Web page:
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By the end of that season, Guus Hiddink saw his contract with the club expire but, in contrast to Roberto Carlos, accepted a prolonged offer. Carlos, who by that time had served as Anzhi’s joint head coach for some time, headed to Turkey to manage Sivasspor. It was said that the Brazilian frequently argued with the team’s leader, Samuel Eto’o, over the Cameroonian’s role at the club. For Eto’o, a place in the starting line-up was not enough; seeing himself the team’s best player, he wanted to have more power in his hands and preside over the day-to-day running of the club, something Carlos fiercely opposed.
Given Eto’o’s celebrity status, he was often found on the front pages of newspapers in Dagestan and the back pages in the rest of Russia. Despite his status as a player bigger than the club, in Makhachkala fans usually recall the African striker with nothing but fondness. After all, he famously provided a secretary at the club with a brand new flat in downtown Makhachkala.
Summer 2013 was arguably the most eventful time for Anzhi under Suleyman Kerimov. The club signed two Russian internationals – Igor Denisov, who had notoriously left Zenit after a scandal following Hulk and Axel Witsel’s arrival in Saint Petersburg, and Alexander Kokorin from Dynamo Moscow, who was considered one of the most prodigious young forwards in Russia.
With a combined fee of €34 million for the pair, the deal signified Anzhi’s move towards the domestic market – a step that was inevitable considering the existing limit on foreign players in the Russian championship. However, by the end of the summer, the two, along with Zhirkov, found themselves in Moscow, at Dynamo. Kokorin failed to make a single appearance for the club.
The reason behind one of the most bizarre transfers in the history of Russian football is that Kerimov all of a sudden decided to curtail his project. The press was told that the businessman now wanted to change his club’s development course, replacing expensive stars with some of the Republic’s homebred talents.
Anzhi radical move was unexpected and brutal – with almost all major stars sold in the space of a single season – that journalists and fans could only guess as to what forced Kerimov to reject his Napoleonic plans to create the mightiest and the starriest club in Russia.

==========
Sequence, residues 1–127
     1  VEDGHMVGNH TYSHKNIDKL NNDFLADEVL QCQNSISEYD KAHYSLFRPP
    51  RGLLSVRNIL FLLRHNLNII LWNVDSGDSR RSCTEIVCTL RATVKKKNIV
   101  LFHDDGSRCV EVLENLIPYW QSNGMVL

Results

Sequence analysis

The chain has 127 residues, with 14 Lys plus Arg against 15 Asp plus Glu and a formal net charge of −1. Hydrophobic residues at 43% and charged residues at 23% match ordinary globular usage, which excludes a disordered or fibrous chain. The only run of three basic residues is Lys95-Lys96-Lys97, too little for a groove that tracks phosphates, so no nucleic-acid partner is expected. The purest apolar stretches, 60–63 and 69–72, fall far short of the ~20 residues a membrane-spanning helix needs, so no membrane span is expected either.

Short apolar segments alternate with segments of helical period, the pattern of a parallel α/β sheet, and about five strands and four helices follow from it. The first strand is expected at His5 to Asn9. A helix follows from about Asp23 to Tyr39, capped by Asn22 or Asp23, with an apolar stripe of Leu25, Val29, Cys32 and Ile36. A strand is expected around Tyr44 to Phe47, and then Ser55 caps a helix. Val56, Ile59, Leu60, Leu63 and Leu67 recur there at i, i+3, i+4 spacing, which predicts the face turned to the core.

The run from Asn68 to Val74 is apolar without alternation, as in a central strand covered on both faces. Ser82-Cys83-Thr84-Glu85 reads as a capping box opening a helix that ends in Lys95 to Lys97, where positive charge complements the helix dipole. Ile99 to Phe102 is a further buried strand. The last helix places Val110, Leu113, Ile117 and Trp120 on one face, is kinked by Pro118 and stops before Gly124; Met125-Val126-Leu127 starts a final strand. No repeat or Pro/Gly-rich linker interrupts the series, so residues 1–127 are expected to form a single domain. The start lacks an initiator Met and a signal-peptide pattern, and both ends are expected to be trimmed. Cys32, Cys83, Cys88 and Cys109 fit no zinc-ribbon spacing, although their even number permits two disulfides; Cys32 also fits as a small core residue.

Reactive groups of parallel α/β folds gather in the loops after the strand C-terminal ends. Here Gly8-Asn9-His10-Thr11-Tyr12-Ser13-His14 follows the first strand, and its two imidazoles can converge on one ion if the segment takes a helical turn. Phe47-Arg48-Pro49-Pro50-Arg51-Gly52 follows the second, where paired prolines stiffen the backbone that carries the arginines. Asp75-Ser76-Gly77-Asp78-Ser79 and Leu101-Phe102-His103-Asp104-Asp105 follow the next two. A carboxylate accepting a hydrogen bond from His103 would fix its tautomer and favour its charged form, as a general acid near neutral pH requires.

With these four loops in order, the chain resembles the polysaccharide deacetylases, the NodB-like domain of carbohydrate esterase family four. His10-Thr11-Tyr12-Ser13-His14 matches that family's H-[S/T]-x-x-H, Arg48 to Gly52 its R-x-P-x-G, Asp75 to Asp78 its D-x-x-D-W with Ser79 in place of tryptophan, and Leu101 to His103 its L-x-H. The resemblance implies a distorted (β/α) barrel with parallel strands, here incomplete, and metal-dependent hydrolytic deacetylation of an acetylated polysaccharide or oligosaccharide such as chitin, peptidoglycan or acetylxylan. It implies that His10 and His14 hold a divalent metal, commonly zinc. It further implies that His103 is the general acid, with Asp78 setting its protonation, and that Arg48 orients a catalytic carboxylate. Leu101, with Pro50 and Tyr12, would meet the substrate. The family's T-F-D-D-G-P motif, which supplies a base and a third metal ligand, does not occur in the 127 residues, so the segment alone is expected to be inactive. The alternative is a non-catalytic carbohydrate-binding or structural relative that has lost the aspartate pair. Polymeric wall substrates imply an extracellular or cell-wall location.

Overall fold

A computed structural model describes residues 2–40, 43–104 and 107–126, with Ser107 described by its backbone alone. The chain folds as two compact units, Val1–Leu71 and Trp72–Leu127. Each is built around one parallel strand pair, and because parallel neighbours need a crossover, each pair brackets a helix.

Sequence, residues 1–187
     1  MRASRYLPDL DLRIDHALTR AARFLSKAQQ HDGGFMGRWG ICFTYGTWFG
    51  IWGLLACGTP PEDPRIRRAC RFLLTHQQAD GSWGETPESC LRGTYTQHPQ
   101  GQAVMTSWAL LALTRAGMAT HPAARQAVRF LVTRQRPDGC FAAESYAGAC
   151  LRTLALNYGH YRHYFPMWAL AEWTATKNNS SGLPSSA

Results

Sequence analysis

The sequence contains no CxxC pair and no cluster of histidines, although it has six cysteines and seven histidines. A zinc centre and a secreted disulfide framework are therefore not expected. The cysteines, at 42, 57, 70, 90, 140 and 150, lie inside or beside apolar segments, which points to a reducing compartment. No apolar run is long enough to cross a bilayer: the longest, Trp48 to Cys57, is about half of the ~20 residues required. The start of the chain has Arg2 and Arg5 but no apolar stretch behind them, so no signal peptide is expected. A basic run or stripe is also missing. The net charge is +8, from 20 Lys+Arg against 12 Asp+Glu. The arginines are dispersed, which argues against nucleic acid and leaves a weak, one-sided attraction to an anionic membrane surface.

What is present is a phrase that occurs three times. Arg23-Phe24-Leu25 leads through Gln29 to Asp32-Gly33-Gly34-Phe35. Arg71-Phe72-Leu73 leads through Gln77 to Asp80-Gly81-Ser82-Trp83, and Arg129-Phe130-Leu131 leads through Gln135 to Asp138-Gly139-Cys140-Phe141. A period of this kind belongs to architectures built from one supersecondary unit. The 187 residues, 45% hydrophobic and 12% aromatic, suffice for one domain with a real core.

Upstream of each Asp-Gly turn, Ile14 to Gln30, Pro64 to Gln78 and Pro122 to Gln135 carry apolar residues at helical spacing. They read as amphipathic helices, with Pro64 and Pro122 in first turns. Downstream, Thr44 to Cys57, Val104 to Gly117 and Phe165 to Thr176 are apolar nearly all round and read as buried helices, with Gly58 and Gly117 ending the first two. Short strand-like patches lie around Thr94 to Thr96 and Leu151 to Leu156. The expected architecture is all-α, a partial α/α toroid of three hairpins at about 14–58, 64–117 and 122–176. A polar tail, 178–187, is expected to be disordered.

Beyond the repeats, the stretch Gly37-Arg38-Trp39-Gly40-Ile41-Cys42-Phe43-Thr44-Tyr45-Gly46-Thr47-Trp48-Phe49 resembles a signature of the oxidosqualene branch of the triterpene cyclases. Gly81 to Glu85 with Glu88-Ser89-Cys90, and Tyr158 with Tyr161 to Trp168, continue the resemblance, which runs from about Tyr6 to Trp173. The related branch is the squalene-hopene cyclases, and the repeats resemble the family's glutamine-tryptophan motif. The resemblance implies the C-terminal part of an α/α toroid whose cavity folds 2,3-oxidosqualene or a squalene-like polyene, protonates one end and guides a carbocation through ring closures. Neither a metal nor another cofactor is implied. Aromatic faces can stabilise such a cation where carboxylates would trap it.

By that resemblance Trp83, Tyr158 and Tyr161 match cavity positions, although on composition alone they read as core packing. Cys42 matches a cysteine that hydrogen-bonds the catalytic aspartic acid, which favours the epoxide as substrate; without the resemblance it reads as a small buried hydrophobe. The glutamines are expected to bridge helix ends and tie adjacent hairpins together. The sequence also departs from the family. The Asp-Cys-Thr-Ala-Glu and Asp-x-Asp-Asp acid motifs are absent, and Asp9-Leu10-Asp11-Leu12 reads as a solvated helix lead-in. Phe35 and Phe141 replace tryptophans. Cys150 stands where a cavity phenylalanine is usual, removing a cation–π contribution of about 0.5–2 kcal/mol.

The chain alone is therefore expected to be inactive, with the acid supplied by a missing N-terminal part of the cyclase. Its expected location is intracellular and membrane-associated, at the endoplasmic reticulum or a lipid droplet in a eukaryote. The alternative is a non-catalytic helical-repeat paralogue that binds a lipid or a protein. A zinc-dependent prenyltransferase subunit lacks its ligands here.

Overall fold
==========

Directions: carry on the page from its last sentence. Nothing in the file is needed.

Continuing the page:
Hypotheses varied: some said Kerimov was struggling with his health, which prevented him from running the club, while others assumed he was disappointed with the fact his team had not yet won the title despite his vast sums of investment. According to another theory, Kerimov was at odds with the region’s current head, and they had different views on how Anzhi should develop. Most believably, a decline in his personal wealth prompted change.
As a result, not only did the Russian stars bid farewell to Makhackala but the club’s most pompously bought foreign players followed suit. Samuel Eto’o was reunited with José Mourinho at Chelsea after successful stint together at Inter Milan, with Willian following soon after. Lassana Diarra decided to stay in Moscow – this time without the necessity to visit Dagestan every fortnight – and joined Lokomotiv.
By the start of the 2013 season, Hiddink had departed too. René Meulensteen, once Sir Alex Ferguson’s assistant at Manchester United, replaced the Dutchman. However, Anzhi, no more a band of sophisticated masters, entered the championship under local manager Gadzhi Gadzhiyev, who returned to the club for his second spell after Meulensteen’s forgettable stint in Dagestan.
Anzhi’s problems were not confined to an abrupt change in the way it was managed. UEFA forbade them to play their Europa League home games in Makhachkala, declaring that the situation in Dagestan was too dangerous for the international fixtures to be held, so Anzhi had to play their opponents in Moscow.
With fans from the capital angered that a Caucasian team was playing in their stadiums, they met Anzhi and the club’s supporters with extreme hostility, often coming to Anzhi’s matches in support of the opposition. Although the Dagestani club progressed to the Europa League playoffs – where they were beaten by AZ Alkmaar – they failed to save their place in the Premier League and were relegated. In just three short years they had gone from one of the world’s biggest spending clubs to Russia’s second tier.
They were back in the Premier League after a season, however, this time as just an average team again with their bygone power now only savoured in sweet memories. Today, Suleyman Kerimov still owns Anzhi, though carefully avoiding interviews and keeping silent about any of his decisions as the club’s owner. The total sum of his expenditure at the club during its peak for three years amounted to €450 million, and only he knows whether the venture was worth it.
For Anzhi supporters, starved of quality football, it was a fleeting moment in the sun. For the rest of the world, it remains one of the most bizarre few seasons in football history.
By Vladislav Ryabov